A Review of Earth Repair: A Grassroots Guide to Healing Toxic and Damaged Landscapes by author Leila Darwish
I have always had a seventh-grade crush on mushrooms, the type of crush where you can’t stop thinking about them, watching them, and trying to casually glance at them from the corner of your eye but somehow, out of the entire school year, not speaking one word to one another. Whenever fungi talk entered the room, I turned into a gangly, awkward, infatuated, albeit silent, version of myself. That is, until I happened upon Earth Repair.
One fortuitous day while enjoying a “personal date-night” at the Boulder Bookstore, I stumbled upon a beautiful book, immediately captivated by one small plant lighting up the cover of an otherwise bleak industrial background. I immediately put back the other seven books I had been considering and headed to the nearest bench and devoured the first three chapters in one sitting, complete with notes (“LOVE THIS!” “GREAT POINT!” “LOOK THIS UP!”
Earth Repair is written by Leila Darwish, a community organizer, writer, permaculture practitioner & educator, grassroots herbalist, urban gardener, and based upon my subsequent e-mail interactions after completing the book, an all-around good person. A quick review of her bio speaks volumes about her expertise in this arena- she has worked on sites with large-scale environmental toxicity & harm in Canada and the United States, such as tar sands, fracking, nuclear energy, climate justice, and water protection, to name a few.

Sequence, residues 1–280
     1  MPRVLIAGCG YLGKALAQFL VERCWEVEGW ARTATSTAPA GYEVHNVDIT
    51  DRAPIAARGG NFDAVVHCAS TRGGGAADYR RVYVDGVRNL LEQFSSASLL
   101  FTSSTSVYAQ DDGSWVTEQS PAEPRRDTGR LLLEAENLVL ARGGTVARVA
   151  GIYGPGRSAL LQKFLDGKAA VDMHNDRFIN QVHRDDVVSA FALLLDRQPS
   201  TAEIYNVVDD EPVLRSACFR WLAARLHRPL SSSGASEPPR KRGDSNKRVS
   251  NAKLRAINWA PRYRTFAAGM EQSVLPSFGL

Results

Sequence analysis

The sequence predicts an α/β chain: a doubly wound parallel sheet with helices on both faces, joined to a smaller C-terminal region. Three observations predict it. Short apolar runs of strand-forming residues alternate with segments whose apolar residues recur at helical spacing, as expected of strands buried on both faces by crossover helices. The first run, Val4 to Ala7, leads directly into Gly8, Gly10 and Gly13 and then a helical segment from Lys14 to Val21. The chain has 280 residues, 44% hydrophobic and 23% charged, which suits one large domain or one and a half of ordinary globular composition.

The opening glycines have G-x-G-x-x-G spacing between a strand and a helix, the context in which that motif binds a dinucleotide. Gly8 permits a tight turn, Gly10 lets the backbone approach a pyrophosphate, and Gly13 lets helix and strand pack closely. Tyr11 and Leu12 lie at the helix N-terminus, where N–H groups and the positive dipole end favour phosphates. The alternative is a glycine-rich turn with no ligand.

The first thing that I noticed when reading was the clear organization- Earth Repair is organized in a fashion that allows for direct and thorough application. Challenging concepts are broken down and communicated in such a way that those with any educational and experiential backgrounds are able to understand- and if you are like me, then there is no previous educational or experiential background. Not only does it provide sound science, case studies and interviews but it also provides tips and skills on how to create a stable and strong community around bioremediation efforts, one of the most invaluable parts of the book in my opinion. One piece that stood out to me is how Leila includes critiques and gaps that currently exist in the grassroots bioremediation movement, offering a truly investigative and ambitious person the avenues for exploring and furthering these frontiers. The book is replete with voices, projects, and insight from individuals in this work from around the country, helping you to see the “grand-scale” and, hopefully, see your place in the movement. Overall, Leila filled a gap that some of us don’t even realize is missing, but once filled feels so very essential to the surviving and thriving of daily living.
Reading this book was the beginning of my relationship with mycology. Up until Earth Repair, I had always quietly tip-toed around mushrooms, hoping that one day we might just bump into each other, and this book provided the formal introduction I was always waiting for.
For more information about the book and upcoming workshops, or to order the book, go to http://www.earthrepair.ca.